Increasing safety for electric cars and pedestrians


Credit: Michael Roan for Virginia Tech

An interdisciplinary research group at Virginia Tech is using an award of $550,000 to create a virtual environment to test safety measures for the interaction between electric vehicles (EVs) and pedestrians. The award is an 18-month project funded by the Safety through Disruption (Safe-D) University Transportation Center.

EVs brought a significant change to the automotive world when Toyota started mass production of the Prius hybrid in 1997. The Prius engine and many like it introduced a combination of both gas and electric power. This gave the horsepower of gasoline when it was needed, engaging all-electric mode at other times to conserve fuel and reduce emissions.

All-electric mode has another notable difference when compared to an internal combustion engine: noise. While a gas engine announces itself from a distance, electric engines make almost no sound, and are easily drowned out by other ambient noise. Car noises are actually a critical safety measure, making the presence of a vehicle known when approaching pedestrian crosswalks and other areas where foot traffic might intersect with automobiles. This is particularly important for pedestrians with a visual impairment.

To solve this potential safety problem, manufacturers have been developing an acoustic vehicle alerting system (AVAS) for use in new electric and hybrid electric vehicles. These systems make a continuous noise when the car is moving slowly, its loudness between that of a normal conversation and that of a garbage disposal.

Legislation has been moving forward to require these safety measures on EVs, with the most prominent examples coming from the United States and the United Nations Economic Commission for Europe. While the law creates a range of decibel levels, there are many approaches for the type of sound that might best be put into use. Early choices included such options as spaceships and choirs.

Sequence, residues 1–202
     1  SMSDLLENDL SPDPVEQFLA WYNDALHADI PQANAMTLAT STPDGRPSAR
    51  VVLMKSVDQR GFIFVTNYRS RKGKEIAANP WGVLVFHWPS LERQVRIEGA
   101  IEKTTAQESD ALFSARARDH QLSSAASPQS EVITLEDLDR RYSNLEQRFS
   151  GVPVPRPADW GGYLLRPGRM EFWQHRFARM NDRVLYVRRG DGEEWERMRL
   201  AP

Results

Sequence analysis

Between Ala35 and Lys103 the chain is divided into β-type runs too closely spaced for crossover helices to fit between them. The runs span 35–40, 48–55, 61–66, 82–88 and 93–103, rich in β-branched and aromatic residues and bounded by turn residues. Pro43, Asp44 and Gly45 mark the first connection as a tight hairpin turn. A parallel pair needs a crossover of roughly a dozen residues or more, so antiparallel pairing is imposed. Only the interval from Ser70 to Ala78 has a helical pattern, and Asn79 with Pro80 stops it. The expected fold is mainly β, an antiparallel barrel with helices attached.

The Virginia Tech project will bring legislation together with practical implementation and testing. Taking lead on the project is mechanical engineering professor Michael Roan of the Acoustics, Signal Processing, and Immersive Reality (ASPIRe) Lab. He is joined by Luke Neurauter of the Virginia Tech Transportation Institute and General Motors Engineer Doug Moore.

Roan has worked with General Motors on two previous projects to test the use of various sounds for both legally blind and sighted pedestrians. These projects illuminated the need for additional work in two main areas: First, systems are needed that uniformly broadcast sounds around the front of the vehicle, and second, better understanding is needed to develop warning sounds that are highly detectable, but contribute little to noise pollution.

The group will be testing in the a 3D virtual acoustic environment of Roan’s ASPIRe lab. This will enable the use of a 58.2 high density loudspeaker array and a high-resolution wavefield synthesis system, where the researchers will create an immersive virtual sound environment of street noises and alert sounds. Conducting the tests in this simulated environment will greatly reduce costs while increasing test repeatability and accuracy. Additionally, the virtual acoustic environment will provide car makers with the ability to test detectability performance of their EV sounds in a large number of background noise environments.

“This could greatly advance the development of AVAS,” said Roan. “Being able to quickly recreate a wide array of sound environments means a plentiful amount of data for the effectiveness of alerts, and we are excited to be part of this critical technology development.”


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